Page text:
The casting is also quite astute, particularly Colin Farrell as the amusingly named Jerry, a role memorably originated by Chris Sarandon, who combined suave elegance with animal cruelty. Especially in an era in which vampires have been made a little too cuddly and romantic, it was crucial that Farrell maintain a real sense of danger, which he does by ramping up his bad-boy masculine prowess and making his blood thirst synonymous with his sexuality. When his face expands into a giant maw of razor-sharp teeth, it’s a startling effect, but not nearly as powerful as Farrell’s leering arrogance, which he deploys against Charley to constantly remind him that he is a boy in a man’s game. One of the film’s best scenes involves little more than Charley getting a beer for Jerry without actually allowing him into the house (always a no-no with vampires). It’s a fun, tense bit of subtle one-upmanship, with Charley quietly asserting his de facto position as “man of the house,” which Jerry easily undercuts with a misogynistic monologue that makes it clear just how different they are. Similarly, David Tennant does a nice job reimagining the role of Peter Vincent, which in the original was played by Roddy McDowell as a hammy former horror actor-turned-late-night-TV host. Starting out like some crazed stew of Criss Angel, Dave Navarro, and Russell Brand, Tennant ends up looking more like a drunken Tony Blair whose cowardice has an amusing sense of poignancy.
Unfortunately, Gillespie, perhaps feeling the need to compete with the rest of the summer’s pyrotechnic bombast, is given to visual overkill at times, a miscalculation that is intensified by the film’s 3D, which darkens an already dark movie while throwing spurting digital blood in our laps with a kind of desperation that feels out of place in a film that is otherwise so tonally assured. When Fright Night dives headfirst into its often schlocky CGI mayhem, it loses much of its charm, which is predicated largely on a careful balance between the scary, the funny, and the scary-funny. Thankfully, that balance is maintained for most of the film, giving us a remake that, while arguably unnecessary, shows how old-school pleasures can comfortably co-exist with modern updates.
|Fright Now Blu-Ray 3D + Blu-Ray + DVD + Digital Copy Three-Disc Combo Pack|
|Subtitles||English, French, Spanish|
|Distributor||DreamWorks Home Entertainment|
|Release Date||December 13, 2011|
|VIDEO & AUDIO|
|This three-disc set includes two Blu-Ray discs, one with a standard 2D transfer and the other with a 3D transfer. The 2D transfer is plenty good, with strong detail, color, and contrast and no signs of artificial digital boosting. The 3D transfer, on the other hand, is a decidedly mixed bag. On the one hand, the 3D effects, which were shot natively with the Paradise FX 3D system, look surprisingly good on this disc, projecting an impressive sense of depth, especially in the long shots (the title shot is particularly nice) with plenty of eye-grabbing “out of the screen” effects. The downside, however, is that the inherent darkening that goes along with 3D glasses renders the film’s many, many dark sequences (this is a vampire movie, after all) virtually unwatchable. Scenes that take place at night or inside dark interiors are so dim and gloomy that we lose not just detail, but significant amounts of basic visual information. Thus, despite the good depth effects, the 3D disc is quite problematic. The 24-bit DTS-HD Master Audio 7.1-channel surround track on both discs, however, is uniformly excellent. Dialogue is crisp and clear in the front sound stage while the rear and side channels are effectively utilized to immerse us in the creepy musical score and make all those gooshy splatter effects all the more, well, gooshy. The low end is also well used to give added weight to the film’s explosions and crashes.|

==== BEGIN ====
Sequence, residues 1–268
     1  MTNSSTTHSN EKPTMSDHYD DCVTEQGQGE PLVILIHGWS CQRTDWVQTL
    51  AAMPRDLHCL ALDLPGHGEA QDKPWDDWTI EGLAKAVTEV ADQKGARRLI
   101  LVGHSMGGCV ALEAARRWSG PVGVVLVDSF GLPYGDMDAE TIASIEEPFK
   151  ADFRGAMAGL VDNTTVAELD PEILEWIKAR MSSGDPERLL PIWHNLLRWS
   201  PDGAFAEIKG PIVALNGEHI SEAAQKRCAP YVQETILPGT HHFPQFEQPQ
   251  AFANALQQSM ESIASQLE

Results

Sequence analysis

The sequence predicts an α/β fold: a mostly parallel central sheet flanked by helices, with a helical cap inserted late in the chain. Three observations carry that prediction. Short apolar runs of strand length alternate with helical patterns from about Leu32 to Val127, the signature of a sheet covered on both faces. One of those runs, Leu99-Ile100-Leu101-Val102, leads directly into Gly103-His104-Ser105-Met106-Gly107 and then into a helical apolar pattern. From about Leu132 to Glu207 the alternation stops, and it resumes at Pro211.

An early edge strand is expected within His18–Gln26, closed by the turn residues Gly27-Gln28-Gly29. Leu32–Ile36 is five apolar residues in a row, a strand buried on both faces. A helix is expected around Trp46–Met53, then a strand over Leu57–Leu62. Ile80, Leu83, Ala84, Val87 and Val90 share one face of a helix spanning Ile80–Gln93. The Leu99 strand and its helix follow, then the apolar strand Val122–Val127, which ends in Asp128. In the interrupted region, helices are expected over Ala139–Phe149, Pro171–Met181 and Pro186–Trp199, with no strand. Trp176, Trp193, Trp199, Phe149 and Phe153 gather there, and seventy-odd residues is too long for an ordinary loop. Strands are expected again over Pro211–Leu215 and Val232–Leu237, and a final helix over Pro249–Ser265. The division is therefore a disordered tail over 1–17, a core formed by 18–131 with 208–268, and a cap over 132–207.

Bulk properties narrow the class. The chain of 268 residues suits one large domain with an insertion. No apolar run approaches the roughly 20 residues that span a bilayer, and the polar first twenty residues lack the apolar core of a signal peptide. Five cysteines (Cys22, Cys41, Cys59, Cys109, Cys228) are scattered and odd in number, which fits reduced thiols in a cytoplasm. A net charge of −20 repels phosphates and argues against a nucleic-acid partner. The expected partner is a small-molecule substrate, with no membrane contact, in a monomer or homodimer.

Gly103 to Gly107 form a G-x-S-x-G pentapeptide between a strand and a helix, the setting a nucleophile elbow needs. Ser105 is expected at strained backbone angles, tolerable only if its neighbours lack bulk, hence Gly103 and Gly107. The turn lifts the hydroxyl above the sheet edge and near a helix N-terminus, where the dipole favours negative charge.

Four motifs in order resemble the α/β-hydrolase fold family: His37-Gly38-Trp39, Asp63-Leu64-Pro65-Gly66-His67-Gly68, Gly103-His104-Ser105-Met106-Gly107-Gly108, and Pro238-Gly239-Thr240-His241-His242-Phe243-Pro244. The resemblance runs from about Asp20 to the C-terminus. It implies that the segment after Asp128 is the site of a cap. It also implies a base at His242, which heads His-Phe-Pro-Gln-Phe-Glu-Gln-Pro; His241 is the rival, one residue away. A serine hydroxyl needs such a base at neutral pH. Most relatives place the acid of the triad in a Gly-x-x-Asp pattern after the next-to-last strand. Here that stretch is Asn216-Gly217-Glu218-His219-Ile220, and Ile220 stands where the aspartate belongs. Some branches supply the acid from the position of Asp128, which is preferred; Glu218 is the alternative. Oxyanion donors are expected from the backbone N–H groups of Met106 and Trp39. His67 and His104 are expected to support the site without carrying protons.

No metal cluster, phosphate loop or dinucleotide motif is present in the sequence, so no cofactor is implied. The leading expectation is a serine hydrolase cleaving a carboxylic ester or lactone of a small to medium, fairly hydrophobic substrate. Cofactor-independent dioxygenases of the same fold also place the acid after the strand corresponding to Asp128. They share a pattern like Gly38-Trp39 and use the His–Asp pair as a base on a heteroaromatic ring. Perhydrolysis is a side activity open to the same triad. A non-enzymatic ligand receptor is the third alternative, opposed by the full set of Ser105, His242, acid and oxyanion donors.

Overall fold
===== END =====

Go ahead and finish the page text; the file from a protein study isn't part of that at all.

|The supplements are, unfortunately, quite anemic, if not downright bloodless. There is no supplementary material at all that deals with the film’s production, history, or special effects. The closest we get are a few brief interviews with cast and crew in the 8-minute “The Official How to Make a Funny Vampire Movie Guide” featurette, which gives us 10 “rules” for making a funny vampire movie. The other featurettes include “Peter Vincent: Swim Inside My Mind,” a fake two-minute promo for Peter Vincent’s Vegas show, and “Squid Man: Extended & Uncut,” the full three-minute home movie we see in the film. There are also five deleted and extended scenes, a brief blooper reel, and Kid Cudi’s uncensored “No One Believes Me” music video.|
Copyright ©2011 James Kendrick